GWI was recently certified by B Labs as a B Corporation. B Corporations “are businesses that meet the highest standards of verified social and environmental performance, public transparency, and legal accountability to balance profit and purpose.” It was an interesting process, worthwhile but not to be undertaken lightly. One aspect that made it interesting was that we were the first broadband carrier to become a B Corp and there were no B Corporation specific criteria for carriers like there are for other industry groups. B Corp criteria for the broadband industry would be incredibly powerful. Criteria could promote the profound alignment between what infrastructure companies do and what B Corporations are: B Corporations place “serving the public good” as their central purpose equivalent with making a profit. Providing quality infrastructure is a vital public good and broadband carriers supply the network infrastructure communities depend on. Infrastructure is so important because part of its fundamental definition is the ability to multiply positive effects.
If you build a bridge, everyone can easily get from one side of the river to the other for any purpose. They could be visiting family, seeing a doctor, commuting to a job, going to market, going to school. They could be people from the other side of the river coming to buy your products. The same is true for roads. Society depends on electricity supplied by the grid for many uses. We share hospitals, schools, and libraries. The best infrastructure can be used by everyone for a multitude of purposes. The very definition of infrastructure is “a shared input that results in multiple outputs.”
To maximize public benefit B Corp broadband criteria should include technical aspects, digital inclusion, digital literacy, privacy, security. The topic of monopoly should also be addressed.
A broadband carrier should provide a network that is technically good enough so that it does not put the community it is serving at a disadvantage. Rural communities compete, sometimes at a disadvantage, with their urban neighbors for businesses and residents. To stay on the right side of the Digital Divide, a rural community’s network needs to be as reliable, as fast, and as low latency as their well-served urban community counterparts.
It is also vital that the network serve everyone (Digital Inclusion). There is a tendency for networks to be built only in more lucrative areas; this is not in the public interest. It is of great advantage to a community that all its residents have access to a quality network: jobs, telehealth, distance learning, government services, entertainment, and social interaction. If a school can’t educate all its students via the network, then its value to the community is greatly reduced. Likewise for telehealth: all patients need access for it to be truly effective. Inclusion must include affordability and carriers have to be a significant part of the affordability equation. carriers must work with governments and communities to ensure everyone can afford network access.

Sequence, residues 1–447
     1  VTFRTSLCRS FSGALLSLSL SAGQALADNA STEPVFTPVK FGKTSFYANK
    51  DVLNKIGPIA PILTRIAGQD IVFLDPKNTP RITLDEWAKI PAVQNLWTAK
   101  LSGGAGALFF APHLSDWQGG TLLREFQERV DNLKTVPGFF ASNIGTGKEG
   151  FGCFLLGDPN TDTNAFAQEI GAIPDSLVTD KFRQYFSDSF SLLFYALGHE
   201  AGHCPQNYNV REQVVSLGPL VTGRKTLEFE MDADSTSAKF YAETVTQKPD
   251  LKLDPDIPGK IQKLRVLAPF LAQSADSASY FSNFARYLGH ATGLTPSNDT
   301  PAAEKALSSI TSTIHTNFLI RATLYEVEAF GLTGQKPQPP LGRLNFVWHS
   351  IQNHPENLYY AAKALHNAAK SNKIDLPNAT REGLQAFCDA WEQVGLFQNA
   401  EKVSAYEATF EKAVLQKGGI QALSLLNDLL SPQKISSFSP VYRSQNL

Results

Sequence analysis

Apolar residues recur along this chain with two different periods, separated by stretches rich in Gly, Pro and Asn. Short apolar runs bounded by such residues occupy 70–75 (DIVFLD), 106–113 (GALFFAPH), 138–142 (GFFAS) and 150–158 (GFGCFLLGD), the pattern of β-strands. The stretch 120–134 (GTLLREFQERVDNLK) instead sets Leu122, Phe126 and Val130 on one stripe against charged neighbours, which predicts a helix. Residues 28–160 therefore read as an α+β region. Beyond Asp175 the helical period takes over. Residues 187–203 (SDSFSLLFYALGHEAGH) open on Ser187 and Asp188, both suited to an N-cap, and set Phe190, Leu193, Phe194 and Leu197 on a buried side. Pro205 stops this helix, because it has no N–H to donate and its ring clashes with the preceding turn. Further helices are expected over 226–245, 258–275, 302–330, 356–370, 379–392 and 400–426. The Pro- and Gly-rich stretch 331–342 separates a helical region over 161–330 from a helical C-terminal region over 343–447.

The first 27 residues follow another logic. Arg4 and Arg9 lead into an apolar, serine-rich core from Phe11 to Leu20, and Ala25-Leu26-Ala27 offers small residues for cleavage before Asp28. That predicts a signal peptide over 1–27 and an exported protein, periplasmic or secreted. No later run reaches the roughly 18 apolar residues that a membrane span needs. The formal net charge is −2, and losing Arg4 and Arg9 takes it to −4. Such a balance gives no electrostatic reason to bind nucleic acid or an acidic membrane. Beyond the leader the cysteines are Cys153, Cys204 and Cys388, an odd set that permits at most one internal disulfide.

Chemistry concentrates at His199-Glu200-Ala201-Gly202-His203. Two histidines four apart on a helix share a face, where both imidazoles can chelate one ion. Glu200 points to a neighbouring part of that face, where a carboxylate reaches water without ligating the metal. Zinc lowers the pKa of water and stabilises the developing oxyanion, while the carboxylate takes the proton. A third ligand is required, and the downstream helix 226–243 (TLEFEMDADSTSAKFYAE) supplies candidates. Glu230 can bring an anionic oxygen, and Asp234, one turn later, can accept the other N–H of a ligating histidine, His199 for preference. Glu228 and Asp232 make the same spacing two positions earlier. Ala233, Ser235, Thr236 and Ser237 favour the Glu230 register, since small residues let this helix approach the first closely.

Broadband also needs to have a significant role in Digital Literacy. It is not enough to just supply the network, people need to know how to use it to their advantage. Because technology always advances, digital literacy initiatives will need to be ongoing for the lifetime of the network. Here, again, the carriers must work with communities to ensure their citizens are digitally literate.
Today, all data flows through the internet. Broadband carriers have a unique ability to monitor and collect enormous amounts of personal data. Carriers have an enhanced and unique responsibility for ensuring that data is kept private.
Security is a major component both of privacy and reliability. Not only do broadband carriers have access to a rich trove of personal data, but penetrating the network allows a significant number of new attack vectors such as “man in the middle” attacks. These attacks are so dangerous to society that they pose a significant national security threat. Our networks are under attack by both private and state actors. Carriers must be constantly vigilant and work closely with local, state and federal governments to insure the security of the network.
One thing that is not in the public’s interest is to have a monopoly network provider; choice is good. Competitiveness lowers cost and increases network quality and features.
All of the above are simply measured and reportable. Technical measures such as speed, latency, and reliability are easy to measure for a carrier, but very few carriers are transparent and forthcoming with this data. Security can be measured and breaches reported. Privacy can be transparently explained and reported. Digital Literacy and Digital Inclusion are more interesting measures because they are both a quality of the community and a quality of the carrier. Measuring begins with understanding the community and its unique challenges and shortfalls in its digital infrastructure. Each community is made up with subcommunities that have different digital goals and needs. So measures of digital literacy and inclusion should measure what steps the carrier takes to meet those goals and needs, but also the progress the communities make. Such an assessment needs to be updated regularly. We are going through this process now and will report back when completed.
1 It required significant time: competitive research, data collation, departmental coordination, process, workflow, and metric identification, and corporate governance review. We are deeply grateful to Dr. Fiona Wilson and her team at the Sustainability Institute of the University of New Hampshire for their help.
2 Everyone: “All members of a community regardless of geographic location, socio-economic and demographic status, and historical/legacy biases.”